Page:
Many students are not reading at grade level. Help striving readers build reading stamina and stay engaged with high-interest/low-level content. The more a student reads, the better reader they will become.
This roundup highlights a wide range of dynamic titles for elementary, middle, and high school audiences. From graphic novels and celebrity biographies to survival stories and edgy YA fiction, there is something here for every interest.
In the new YA graphic novel by debut author Sofia Szamosi, readers follow Olive as she spends the summer before art school at a coveted internship helping one of the fashion industry’s elite digital-imaging specialists. After a glamourous New York photoshoot, she learns that taking pictures is only the first step andis thrown into the world of image retouching software. Soon she is fixating on her own appearance and pondering the ethics of her work behind the scenes. Unretouchable is a window into a hugely influential world of fashion photography and a tribute to self-acceptance.
Today we welcome author and illustrator Sofia Szamosi as she shares her greatest influences, the themes of the book, and what she thinks of the current fashion industry.
Earlier this month Artie and the Wolf Moon hit the shelves. In this original and empowering middle grade, Artie Irvin is thrilled to discover she comes from a line of werewolves. She asks her mom to share everything—including the story of Artie’s late father. Her mom reluctantly agrees. And to help Artie figure out her own wolflike abilities, her mom recruits some old family friends. As she learns the history of werewolves and her own parents’ past, she’ll find that wolves aren’t the scariest thing in the woods—vampires are.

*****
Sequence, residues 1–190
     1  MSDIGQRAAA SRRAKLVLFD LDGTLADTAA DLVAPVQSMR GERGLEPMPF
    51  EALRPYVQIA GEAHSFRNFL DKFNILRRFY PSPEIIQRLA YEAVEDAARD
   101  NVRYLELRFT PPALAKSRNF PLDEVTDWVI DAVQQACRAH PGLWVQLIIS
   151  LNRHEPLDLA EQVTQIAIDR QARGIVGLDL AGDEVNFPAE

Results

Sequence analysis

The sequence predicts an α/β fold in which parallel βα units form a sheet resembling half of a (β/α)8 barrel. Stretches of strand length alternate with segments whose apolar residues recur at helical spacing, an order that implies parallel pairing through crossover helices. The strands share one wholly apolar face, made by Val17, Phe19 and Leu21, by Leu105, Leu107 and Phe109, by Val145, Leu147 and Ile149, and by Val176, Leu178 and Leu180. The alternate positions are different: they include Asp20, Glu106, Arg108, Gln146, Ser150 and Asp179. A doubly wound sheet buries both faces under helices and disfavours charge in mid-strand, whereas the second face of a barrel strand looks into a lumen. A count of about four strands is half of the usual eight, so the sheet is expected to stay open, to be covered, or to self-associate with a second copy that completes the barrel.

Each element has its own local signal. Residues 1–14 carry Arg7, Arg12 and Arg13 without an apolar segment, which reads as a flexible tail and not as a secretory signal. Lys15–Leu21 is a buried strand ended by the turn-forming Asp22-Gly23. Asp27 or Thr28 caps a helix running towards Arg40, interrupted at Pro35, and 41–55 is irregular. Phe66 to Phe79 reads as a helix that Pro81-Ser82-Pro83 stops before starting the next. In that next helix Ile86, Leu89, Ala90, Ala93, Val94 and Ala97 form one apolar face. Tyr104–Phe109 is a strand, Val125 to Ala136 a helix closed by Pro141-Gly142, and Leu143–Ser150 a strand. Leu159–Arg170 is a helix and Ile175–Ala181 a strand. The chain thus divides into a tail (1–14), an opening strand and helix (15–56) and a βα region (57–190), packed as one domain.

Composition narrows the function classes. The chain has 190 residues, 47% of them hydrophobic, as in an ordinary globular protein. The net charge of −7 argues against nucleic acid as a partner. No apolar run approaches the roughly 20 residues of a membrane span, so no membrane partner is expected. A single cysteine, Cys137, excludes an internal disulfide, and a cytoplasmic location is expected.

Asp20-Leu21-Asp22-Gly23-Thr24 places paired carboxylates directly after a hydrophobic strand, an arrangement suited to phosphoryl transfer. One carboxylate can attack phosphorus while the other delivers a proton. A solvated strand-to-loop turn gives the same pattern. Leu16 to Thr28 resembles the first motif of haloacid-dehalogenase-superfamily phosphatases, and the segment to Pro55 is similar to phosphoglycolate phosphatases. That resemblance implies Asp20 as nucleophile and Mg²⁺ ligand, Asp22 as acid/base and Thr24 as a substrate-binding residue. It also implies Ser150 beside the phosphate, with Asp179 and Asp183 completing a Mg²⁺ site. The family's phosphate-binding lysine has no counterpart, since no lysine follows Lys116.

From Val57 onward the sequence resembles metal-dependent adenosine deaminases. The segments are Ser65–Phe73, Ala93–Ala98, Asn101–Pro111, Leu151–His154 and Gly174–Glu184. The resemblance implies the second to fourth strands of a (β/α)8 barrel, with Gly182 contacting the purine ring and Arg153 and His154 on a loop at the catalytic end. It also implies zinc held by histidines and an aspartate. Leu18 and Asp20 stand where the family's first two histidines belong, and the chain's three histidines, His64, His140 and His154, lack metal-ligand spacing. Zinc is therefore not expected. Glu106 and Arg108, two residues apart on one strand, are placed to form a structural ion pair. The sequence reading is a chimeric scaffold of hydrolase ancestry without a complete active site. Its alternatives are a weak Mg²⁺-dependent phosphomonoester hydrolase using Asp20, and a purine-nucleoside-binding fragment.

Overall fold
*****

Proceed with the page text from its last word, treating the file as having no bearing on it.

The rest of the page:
Today debut graphic novelist, Olivia Stephens, joins us to share a little bit about her creative process and some exclusive early sketches.
July is Graphic Novel Month, which is the perfect time to share some sneak peeks of our Fall 21 graphic novels from Graphic Universe.
The Spy Who Raised Me by Ted Anderson and illustrated by Gianna Meola is a super-spy adventure and hilarious satire about the demands parents place on children. The story follows teenager Josie Black who can infiltrate any building and move like a martial artist. But no one told her that. When she discovers her mom secretly programmed her to be a special operative, spy family drama breaks out.
Author Ted Anderson joins us today to give us the inside scoop of how he wrote his new graphic novel!